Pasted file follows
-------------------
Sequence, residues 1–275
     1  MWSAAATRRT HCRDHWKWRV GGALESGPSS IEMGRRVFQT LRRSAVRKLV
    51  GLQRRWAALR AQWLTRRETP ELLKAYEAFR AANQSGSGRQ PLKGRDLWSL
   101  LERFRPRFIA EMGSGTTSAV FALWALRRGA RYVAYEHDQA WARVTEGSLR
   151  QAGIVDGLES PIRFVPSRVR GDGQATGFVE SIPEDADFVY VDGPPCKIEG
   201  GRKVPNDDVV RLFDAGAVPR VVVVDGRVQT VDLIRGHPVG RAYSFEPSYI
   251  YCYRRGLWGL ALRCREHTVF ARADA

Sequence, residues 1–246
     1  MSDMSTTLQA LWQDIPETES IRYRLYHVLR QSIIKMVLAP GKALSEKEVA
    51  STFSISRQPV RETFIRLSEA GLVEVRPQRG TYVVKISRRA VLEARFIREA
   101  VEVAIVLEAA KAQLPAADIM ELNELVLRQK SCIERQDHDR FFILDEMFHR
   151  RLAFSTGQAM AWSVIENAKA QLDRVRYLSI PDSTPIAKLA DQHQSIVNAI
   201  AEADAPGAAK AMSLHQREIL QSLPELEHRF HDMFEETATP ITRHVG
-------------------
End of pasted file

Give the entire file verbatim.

Sequence, residues 1–275
     1  MWSAAATRRT HCRDHWKWRV GGALESGPSS IEMGRRVFQT LRRSAVRKLV
    51  GLQRRWAALR AQWLTRRETP ELLKAYEAFR AANQSGSGRQ PLKGRDLWSL
   101  LERFRPRFIA EMGSGTTSAV FALWALRRGA RYVAYEHDQA WARVTEGSLR
   151  QAGIVDGLES PIRFVPSRVR GDGQATGFVE SIPEDADFVY VDGPPCKIEG
   201  GRKVPNDDVV RLFDAGAVPR VVVVDGRVQT VDLIRGHPVG RAYSFEPSYI
   251  YCYRRGLWGL ALRCREHTVF ARADA

Sequence, residues 1–246
     1  MSDMSTTLQA LWQDIPETES IRYRLYHVLR QSIIKMVLAP GKALSEKEVA
    51  STFSISRQPV RETFIRLSEA GLVEVRPQRG TYVVKISRRA VLEARFIREA
   101  VEVAIVLEAA KAQLPAADIM ELNELVLRQK SCIERQDHDR FFILDEMFHR
   151  RLAFSTGQAM AWSVIENAKA QLDRVRYLSI PDSTPIAKLA DQHQSIVNAI
   201  AEADAPGAAK AMSLHQREIL QSLPELEHRF HDMFEETATP ITRHVG